It’s also important to control access to data. If an employee isn’t an essential team member for a particular task, assess whether that employee truly requires access to sensitive data. The fewer people with access, the less likely you are to experience a data breach caused by an internal mistake.

Healthcare Is a Prime Data Theft Target

Perhaps more than any other industry, healthcare is a treasure trove of sensitive data. In addition to personal information like social security numbers and birthdates, medical records contain financial information that can give cyber thieves access to bank accounts and insurance records. A 2017 survey from Accenture reveals that 26 percent of all American consumers were impacted by healthcare data breaches in 2017.

As Nate Lord of Digital Guardian writes, “Additionally, the survey also found that 50% of breach victims eventually suffered medical identity theft, with an average of $2,500 out-of-pocket costs. Even worse, half of the survey respondents reported that they learned of the breach themselves – as opposed to an official company or law enforcement notification – after they had been alerted to an error on their benefits explanation, credit card statement, or similar documents.”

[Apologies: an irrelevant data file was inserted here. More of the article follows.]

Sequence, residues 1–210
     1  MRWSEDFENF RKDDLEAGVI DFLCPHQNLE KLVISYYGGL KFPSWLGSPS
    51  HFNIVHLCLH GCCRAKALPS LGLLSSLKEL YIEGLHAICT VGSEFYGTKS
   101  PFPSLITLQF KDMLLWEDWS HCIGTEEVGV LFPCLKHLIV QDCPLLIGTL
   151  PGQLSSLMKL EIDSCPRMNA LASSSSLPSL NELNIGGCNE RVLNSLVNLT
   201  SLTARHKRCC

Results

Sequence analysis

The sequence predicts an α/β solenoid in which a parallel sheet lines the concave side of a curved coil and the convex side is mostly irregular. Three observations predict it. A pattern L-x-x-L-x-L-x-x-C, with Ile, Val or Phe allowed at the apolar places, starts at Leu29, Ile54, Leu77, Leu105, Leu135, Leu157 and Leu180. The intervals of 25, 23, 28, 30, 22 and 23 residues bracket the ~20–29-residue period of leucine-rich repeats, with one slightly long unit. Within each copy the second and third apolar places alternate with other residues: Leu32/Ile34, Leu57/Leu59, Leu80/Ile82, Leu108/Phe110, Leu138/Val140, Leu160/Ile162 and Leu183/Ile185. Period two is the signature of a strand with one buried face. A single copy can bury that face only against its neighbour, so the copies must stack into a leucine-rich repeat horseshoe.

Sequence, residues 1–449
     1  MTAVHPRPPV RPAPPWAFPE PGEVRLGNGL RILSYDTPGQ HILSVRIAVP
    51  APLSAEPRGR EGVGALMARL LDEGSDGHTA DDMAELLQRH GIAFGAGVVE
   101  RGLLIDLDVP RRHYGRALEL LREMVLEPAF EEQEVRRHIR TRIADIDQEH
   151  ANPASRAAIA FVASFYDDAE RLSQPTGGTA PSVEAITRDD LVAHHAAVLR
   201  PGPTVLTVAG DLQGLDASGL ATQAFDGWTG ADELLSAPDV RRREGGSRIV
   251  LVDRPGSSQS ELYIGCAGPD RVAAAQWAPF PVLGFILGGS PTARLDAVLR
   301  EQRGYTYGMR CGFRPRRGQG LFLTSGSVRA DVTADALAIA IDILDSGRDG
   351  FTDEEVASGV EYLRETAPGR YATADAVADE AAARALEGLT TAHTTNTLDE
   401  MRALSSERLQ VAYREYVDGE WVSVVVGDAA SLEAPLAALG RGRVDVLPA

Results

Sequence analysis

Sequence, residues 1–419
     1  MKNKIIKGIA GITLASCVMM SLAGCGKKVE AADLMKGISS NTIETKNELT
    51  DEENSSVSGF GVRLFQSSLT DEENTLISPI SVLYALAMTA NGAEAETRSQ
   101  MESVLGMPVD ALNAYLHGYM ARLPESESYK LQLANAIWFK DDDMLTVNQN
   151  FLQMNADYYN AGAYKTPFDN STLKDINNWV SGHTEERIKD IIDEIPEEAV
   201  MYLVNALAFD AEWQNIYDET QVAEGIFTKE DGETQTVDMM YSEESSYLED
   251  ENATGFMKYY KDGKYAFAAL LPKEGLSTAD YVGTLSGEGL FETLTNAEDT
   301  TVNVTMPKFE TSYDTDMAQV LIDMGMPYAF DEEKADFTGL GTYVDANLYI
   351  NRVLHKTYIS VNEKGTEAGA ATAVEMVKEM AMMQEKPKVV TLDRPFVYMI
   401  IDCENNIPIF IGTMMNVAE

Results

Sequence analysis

If the past few years have proved anything, it’s that healthcare data theft isn’t going away — and it’s a problem that is likely to get worse. As Lord notes, “In the past five years, we’ve seen healthcare data breaches grow in both size and frequency, with the largest breaches impacting as many as 80 million people.”

Fortunately, healthcare companies don’t have to be sitting ducks for identity thieves and cyber criminals. Records custodians in the healthcare industry can and should take steps now to safeguard data. Otherwise, they risk significant non-compliance fines, potential legal liability and a loss of public confidence.

Contact ABI Document Support Services Today

At ABI Document Support Services, we help law firms and claims offices manage and secure sensitive records with the most advanced data encryption on the market. We also provide innovative document management solutions for our clients. Get in touch to learn how we can help your organization. Call our record retrieval experts today at 800-266-0613 or use our contact form to schedule a demo.